As of April 1, the Financial Services Authority has been replaced by two new bodies, the Prudential Regulatory Authority (PRA), which regulates the operations of financial organisations, and the Financial Conduct Authority (FCA), which monitors how financial organisations treat consumers.

As far as the FCA is concerned, whether financial organisations choose to communicate over social media channels or in print, the rules remain the same.

The communication must be clear, fair and not misleading, regardless of which channel the message is broadcast over.

The FCA has already stated its intention to monitor what financial organisations are getting up to on social media, and it uses Twitter itself.

So, with the FCA turning more of its focus to the use of social media by financial organisations, how can these organisations ensure that their use of social media stays within the regulations, while still providing an engaging experience for consumers?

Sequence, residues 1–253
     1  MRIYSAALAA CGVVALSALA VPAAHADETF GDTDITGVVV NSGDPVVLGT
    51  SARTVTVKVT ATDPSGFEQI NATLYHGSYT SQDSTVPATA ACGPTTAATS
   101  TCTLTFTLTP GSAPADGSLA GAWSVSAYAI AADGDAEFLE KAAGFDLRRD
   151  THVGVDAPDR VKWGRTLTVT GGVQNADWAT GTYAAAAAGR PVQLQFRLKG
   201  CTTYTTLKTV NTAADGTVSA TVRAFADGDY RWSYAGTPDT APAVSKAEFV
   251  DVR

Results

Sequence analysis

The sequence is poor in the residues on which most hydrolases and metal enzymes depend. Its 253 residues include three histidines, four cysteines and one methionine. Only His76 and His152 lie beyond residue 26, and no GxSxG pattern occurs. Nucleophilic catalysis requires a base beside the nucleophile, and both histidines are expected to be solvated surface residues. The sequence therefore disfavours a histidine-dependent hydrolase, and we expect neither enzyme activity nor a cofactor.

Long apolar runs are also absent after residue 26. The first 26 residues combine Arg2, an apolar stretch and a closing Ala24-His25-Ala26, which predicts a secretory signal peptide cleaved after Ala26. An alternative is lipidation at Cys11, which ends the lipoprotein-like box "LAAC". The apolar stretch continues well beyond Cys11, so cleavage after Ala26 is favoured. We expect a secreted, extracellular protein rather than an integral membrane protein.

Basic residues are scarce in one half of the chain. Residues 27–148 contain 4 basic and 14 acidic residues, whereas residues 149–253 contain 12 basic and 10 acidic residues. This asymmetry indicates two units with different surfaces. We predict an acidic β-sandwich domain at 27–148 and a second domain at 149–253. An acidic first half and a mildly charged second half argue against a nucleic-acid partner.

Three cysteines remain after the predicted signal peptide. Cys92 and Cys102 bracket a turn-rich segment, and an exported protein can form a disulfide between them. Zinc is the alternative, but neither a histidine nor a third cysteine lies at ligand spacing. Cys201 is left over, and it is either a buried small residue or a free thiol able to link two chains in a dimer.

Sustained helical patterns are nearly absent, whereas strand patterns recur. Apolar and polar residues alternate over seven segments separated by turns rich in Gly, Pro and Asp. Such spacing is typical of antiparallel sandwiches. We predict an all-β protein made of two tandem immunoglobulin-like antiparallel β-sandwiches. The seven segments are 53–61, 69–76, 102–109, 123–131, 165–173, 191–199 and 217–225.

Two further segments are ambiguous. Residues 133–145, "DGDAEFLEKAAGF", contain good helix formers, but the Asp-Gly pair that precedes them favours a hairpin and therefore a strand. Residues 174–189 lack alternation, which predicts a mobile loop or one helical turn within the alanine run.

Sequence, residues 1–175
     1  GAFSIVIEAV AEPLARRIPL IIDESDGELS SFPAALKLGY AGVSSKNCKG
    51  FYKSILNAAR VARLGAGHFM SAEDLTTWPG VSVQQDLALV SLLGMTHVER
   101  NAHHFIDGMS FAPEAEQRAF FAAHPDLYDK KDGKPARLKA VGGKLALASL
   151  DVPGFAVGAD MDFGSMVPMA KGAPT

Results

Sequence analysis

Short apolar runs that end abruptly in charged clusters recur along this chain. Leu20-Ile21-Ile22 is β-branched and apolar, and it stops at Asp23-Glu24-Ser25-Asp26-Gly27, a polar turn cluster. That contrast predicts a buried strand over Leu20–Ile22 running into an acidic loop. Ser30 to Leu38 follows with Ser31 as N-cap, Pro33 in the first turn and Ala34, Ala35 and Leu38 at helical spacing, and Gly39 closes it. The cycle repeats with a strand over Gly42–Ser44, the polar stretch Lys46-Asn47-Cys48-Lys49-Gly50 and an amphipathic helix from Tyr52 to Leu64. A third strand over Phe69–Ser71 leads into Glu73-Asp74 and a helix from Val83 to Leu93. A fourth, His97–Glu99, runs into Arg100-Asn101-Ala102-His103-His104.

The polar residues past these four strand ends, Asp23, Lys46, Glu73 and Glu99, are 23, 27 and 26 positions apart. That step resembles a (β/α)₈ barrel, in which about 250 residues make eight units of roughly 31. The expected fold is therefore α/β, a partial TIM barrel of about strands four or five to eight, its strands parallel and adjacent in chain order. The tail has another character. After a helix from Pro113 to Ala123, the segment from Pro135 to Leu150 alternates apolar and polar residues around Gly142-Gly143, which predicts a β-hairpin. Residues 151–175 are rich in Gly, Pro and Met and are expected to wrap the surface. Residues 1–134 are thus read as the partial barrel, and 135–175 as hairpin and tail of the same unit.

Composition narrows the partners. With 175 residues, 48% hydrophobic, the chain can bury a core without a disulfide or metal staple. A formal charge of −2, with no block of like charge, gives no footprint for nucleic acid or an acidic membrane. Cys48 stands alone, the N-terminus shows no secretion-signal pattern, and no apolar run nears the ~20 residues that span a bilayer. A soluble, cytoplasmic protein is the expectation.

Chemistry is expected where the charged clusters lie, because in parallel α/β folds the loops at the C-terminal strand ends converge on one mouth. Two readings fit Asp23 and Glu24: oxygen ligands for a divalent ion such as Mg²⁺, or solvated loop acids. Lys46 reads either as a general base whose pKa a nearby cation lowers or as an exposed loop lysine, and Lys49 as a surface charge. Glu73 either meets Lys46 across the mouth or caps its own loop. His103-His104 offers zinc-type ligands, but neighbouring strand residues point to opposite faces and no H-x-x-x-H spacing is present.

Use strict social media guidelines 

Employees need to know what they can and can’t do over social media. Guidelines should spell out the regulations the organisation has to work within, and lay out company policy on social media (such as a description of responsibilities, tone of voice and editorial guidelines).

They should be used in training and be easily accessible. 

Have a clear escalation process

If something goes wrong, the team needs to know what issues to prioritise, where to send problems, and who to wake up at 3am if need be (if the Twitter account is hacked, for example). 

Manage expectations

First, agree what social media channels will be used, how many accounts will need to be set up, and what they’ll be used for. Some banks, like HSBC, have several Twitter accounts (in HSBC’s case it has a customer service, business banking, careers and press account). 

Followers need to know what to expect from the account, and when to expect a response from staff (especially on customer service accounts).

Spell out the house rules

Financial organisations are used to communicating with customers via more formal methods of communication. As we know, the informality of social media can lead people to say and do things that they wouldn’t normally put in a letter to the bank.